Does it change the proportioning independently for all 4 wheels, reducing brake pressure to only the wheel or wheels that are locking up? So your rears don't lose pressure when your fronts start to lock, and gives you the perfect trail braking every time...this would be sweet. Or is it simply reducing braking to all 4 wheels whenever even just 1 starts to lock?

Great writeup!

01-31-2003, 12:27 AM
ABS (damnit, DSC)

ABS is a simple system. It involves the monitoring of 3 or 4 sensors (front left wheel, front right wheel, and differential (or left and right rear axles). It's a binary system which uses a magnetic sensor (which can get confused by iron shavings) that detects the ridges and valleys on the hub of the front wheels or rearend/axles.
When the computer is receiving a steady stream of 10101010101, it applies braking force normally (ie, doesn't get involved)
When it receives 1111111111 or 000000000000 or whatever, it realizes that the wheel has stopped spinning (and is therefore skidding), and has to reduce the braking force to that wheel enough for it to stop skidding.
It seems like a complex system, but it's just an analysis of 3 or 4 inputs, done in a few thousandths of a seconds to make 3 or 4 sets of minute adjustments.
ABS is a VERY good thing.

01-31-2003, 07:19 AM
Thanks, you posted this right when I needed it. I give it 5 stars.

02-02-2003, 08:39 AM
How to bleed brakes
For the 240sx, you must bleed in a specific order to eliminate air from the lines. It's really easy to remember what the order is, too.. Simply start at the point furthest from the master cylinder and work your way in. In most cars, this means starting at the side furthest from the driver.
In USDM S-chassis, since the brake hardlines run along the passenger side framerail that makes the driverside rear brake the furthest from the master cylinder.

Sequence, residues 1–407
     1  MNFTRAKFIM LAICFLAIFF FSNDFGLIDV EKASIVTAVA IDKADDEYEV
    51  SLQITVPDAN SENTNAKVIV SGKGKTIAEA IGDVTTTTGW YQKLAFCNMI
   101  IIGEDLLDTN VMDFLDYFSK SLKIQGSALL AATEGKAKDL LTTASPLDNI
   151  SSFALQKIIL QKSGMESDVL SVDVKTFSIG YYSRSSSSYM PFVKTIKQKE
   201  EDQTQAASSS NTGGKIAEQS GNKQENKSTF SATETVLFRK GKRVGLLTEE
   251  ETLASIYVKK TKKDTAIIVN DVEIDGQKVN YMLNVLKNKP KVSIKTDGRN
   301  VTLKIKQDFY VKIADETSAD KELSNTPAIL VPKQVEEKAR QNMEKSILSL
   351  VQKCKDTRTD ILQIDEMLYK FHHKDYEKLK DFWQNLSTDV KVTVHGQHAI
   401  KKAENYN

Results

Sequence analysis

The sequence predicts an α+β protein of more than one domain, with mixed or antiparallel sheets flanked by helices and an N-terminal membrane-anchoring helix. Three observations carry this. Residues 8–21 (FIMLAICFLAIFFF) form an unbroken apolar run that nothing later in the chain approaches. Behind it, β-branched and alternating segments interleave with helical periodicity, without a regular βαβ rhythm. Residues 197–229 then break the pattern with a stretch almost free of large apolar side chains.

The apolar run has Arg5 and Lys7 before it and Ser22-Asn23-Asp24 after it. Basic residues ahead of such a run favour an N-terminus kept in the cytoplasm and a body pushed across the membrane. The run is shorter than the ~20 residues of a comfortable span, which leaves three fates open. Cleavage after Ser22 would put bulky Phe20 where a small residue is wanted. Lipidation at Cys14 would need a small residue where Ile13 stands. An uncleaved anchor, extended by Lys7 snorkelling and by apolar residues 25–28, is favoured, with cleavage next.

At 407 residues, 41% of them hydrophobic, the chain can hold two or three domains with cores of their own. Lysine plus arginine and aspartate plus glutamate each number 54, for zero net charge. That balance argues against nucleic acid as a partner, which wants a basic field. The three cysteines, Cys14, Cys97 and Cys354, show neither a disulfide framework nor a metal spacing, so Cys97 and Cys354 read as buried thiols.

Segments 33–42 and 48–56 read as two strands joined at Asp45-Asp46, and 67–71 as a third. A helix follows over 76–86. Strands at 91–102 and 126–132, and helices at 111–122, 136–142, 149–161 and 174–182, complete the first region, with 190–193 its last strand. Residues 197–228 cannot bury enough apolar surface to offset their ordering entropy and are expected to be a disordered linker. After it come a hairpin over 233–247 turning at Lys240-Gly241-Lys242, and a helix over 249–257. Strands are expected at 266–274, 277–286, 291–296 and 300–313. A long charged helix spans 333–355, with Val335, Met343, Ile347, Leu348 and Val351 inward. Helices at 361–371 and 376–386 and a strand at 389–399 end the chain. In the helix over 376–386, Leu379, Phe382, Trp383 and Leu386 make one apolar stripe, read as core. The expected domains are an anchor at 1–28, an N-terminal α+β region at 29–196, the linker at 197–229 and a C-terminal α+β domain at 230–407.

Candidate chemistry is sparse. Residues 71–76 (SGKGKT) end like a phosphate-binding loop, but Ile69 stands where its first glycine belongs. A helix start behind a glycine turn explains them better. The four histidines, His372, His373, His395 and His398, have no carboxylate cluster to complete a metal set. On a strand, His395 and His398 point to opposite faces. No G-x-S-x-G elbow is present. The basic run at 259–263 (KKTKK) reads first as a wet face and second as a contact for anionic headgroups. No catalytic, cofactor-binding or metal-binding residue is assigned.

That means:

There are a few ways to do this:
1.) using a source of vacuum on the bleeder and sucking the fluid through.
2.) having a partner pump the brakes for you. Basically, your partner builds pressure in the system, and when you release that pressure, you force out old fluid and air. Make sure your partner holds the pedal down when you're releasing, and lets you know when the pedal has sunk.
3.) submerging a tube going from your bleeder into a container of old brake fluid. Just keep pumping the brakes. The new fluid will be sucked into the master cylinder more easily than the old fluid can be sucked back in.

In all of these methods, you must ensure that your brake master cylinder does not run out of brake fluid. Otherwise, you've negated everything you've done by allowing air into the lines.

Once you're finished bleeding, pump the brakes until they're stiff before turning the car on. This insures proper pedal feel.

Good luck!

02-03-2003, 12:09 AM

mrmephistopheles stated how the ECU determines when the ABS comes on. Wheel speed sensors(the magnetic sensor) are at ALL wheels(from what I've seen. what good would it be if 3 of your wheels were good and one locked up on ice and to started to pulse?). They detect when to make the ABS operate.

Normal braking- When the brakes are applied, fluid is forced from the brake master cylinder outlet ports to the normally open inlet ports of the Hydraulic Control Unit(HCU). The prake fluid travels through the HCY, ininterrupted, andout the outlet ports of hte HCY. Fluid then travels to the braking units just like in a normal system.

Anti-Lock Mode- If the driver gets into a situation where the brakes are applied hard enough to cause a wheel to lock u, the ECU will send signals to the HCU. The HCU will use these signals to prevent wheel lockup from occurring. Although the exact method the HCU will use to do this will vary between the different ABS systems. the following will occur:

- The ECU will determine what wheel is in danger of lockup. This decision is based on the wheel rotation speed and the deceleration rate of the other wheel(s).

-The ECU will then send an electrical signal to the HCU. This activates the solenoid that controls the isolation/inlet valve for the hydraulic circuit for that wheel. This action cuts off the fluid flow, preventing any more master cylinder hydraulic pressure from reaching the wheel.

-The ECU then looks at the sensor signal from the affected wheel again.